Sunday, December 22, 2013

A World Which Did Not Exist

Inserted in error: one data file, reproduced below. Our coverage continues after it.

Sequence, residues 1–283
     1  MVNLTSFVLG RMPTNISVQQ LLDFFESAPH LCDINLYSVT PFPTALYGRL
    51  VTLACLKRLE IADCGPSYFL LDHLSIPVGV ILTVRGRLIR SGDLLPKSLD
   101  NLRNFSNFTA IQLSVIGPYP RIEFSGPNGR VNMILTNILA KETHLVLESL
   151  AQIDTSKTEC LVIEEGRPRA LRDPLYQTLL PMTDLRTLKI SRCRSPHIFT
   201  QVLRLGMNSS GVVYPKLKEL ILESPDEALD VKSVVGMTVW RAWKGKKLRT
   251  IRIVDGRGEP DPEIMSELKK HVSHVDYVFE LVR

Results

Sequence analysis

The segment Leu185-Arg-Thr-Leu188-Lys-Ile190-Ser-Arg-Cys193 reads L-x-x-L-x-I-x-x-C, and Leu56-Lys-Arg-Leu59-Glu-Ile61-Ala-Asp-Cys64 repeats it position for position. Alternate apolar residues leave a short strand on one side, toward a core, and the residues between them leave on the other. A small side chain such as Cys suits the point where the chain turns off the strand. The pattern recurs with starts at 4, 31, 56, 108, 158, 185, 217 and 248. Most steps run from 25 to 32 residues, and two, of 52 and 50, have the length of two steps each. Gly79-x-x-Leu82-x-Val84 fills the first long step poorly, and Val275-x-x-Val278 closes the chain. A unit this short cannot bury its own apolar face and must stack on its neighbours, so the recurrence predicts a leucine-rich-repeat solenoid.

Winter solstice 2013. My thoughts go back to Christmas 1945 or 1946. I had perfect parents and perfect grandparents. They met every need but added so much more above the necessities of life. I was just a child of 3 or 4 years. On Christmas morning(now-a-days I do not spell that with a capital C) I awoke to a beautiful electric train all set up on the wood floor in front of the gas space heater which I still have in my garage almost 70 years later. The train was all metal, perfect in every detail. Its whistle sounded so real like the massive steam engines which thundered past our back door at all hours of the night shaking the ground as we tried to sleep. There on a side track one train would wait on the other to pass while it hissed and blasted steam in a night shattering game of waiting. When it was finally clear to go, the monster would begin a rhythmic series of massive blast of steam and slowly increase its rhythm eventually fading into the night. The idea of Santa Claus was so magical and exhilarating...he brought me a toy train. Mother and Dad poured their essence into making my sister and I happy. I can still see the single strand of tree lights with heavy cord, large bulbs all of which seemed to last 20 years or more. We were allowed to put the lead based "icicles" on the tree...the presents under the tree were off limits. It seems that was the year my uncle Ken came back from the Navy and the war in the Pacific to reunite with his bride, my aunt Helen at our home. He was laden with gifts which he purchased from the Japanese in Tokyo, Japan. For me he brought a tiny Japanese camera which would fit into the palm of my small hand.It had real film and took real pictures. For my sister there was a hand painted picture of her on a silk roll painted by a Japanese artist from a black and white snap shot. The colors were vivid, the lips so red like the lips of a Geisha. I remember one other gift which I never considered to be good because I was terrified of chief Wahoo, a carved coconut with a fearsome glare on his face. His angry eyes were embedded seashells with great black pupils on bulging white eyes. His face was painted in warpaint, bearing his teeth in a menacing grimace. At his ears hung long dangling sea shells. It seemed I could see his fearsome face even in the dark and could never sleep in the same room. I would never enter the room without a tight grip on Mother's hand. Looking back it seems that I grew up sheltered from the hardships and the sorrows of life. I knew mostly joy and laughter...with out want, because in one way or another I was always in the grip of my Mother's or my Daddy's hand...and looking back, I realize, now that they are all gone, that world only existed in my mind and my oblivion was nothing like the reality of the rest of the world in 1945. More than 50 million people were killed in WWII, including more than 300,000 American service men and women. Millions across the globe were left with scars which I never laid eyes on. Radiation burns, wounds of war, combat fatigue, empty chairs at the dining table. I grew into the 1950s and 60s. Safe neighborhoods, walking to school, then bicycling, lots of guys in the neighborhood, sharing an idyllic life in the perfect post-war family nor really realizing that negro children in my town Tyler Texas, didn't have it so great. There was a public swimming pool 5 blocks from my house where no Negroes came. I hardly noticed. There were no Negroes in any of my schools. I became of age, got a license and a car. When I joined the military service in 1960, for the first time in my life the people in charge said, "there will be no discrimination regarding race or creed". I slept in a bunk next to Negroes and ate with them at the chow hall. When I later enrolled in college, there were just a few black students, from foreign countries. One of those students was a black man from Nigeria in his early 30s. Three slash marks on each cheek...of royal blood. In Nigeria he had been a school principal, a Baptist minister, a father of three children who with his wife waited for his return. He was a product of Southern Baptist missionary work there and came to East Texas for college. He was however not welcome at any Southern Baptist church in Harrison county Texas because he was black and was told to go to the local black churches. He visited and slept in my home, ate at my table. His name was Benjamin Adawoosi. It's been almost 50 years. No...the world I thought existed did not. Gradually over time I have become a skeptic.Some people call me a pessimist because I have become someone who insists on facing realities. I am so dissatisfied with reality because I believe that people can actually choose to be good and to do good. There are lots of people doing just seems that they are not the ones in charge. I believe that democracy would work if we actually tried it. Eventually it will be the work place. That's where it will do the most good; businesses owned and controlled by the people who work there. Practicing democracy at work. Winter Solstice 2013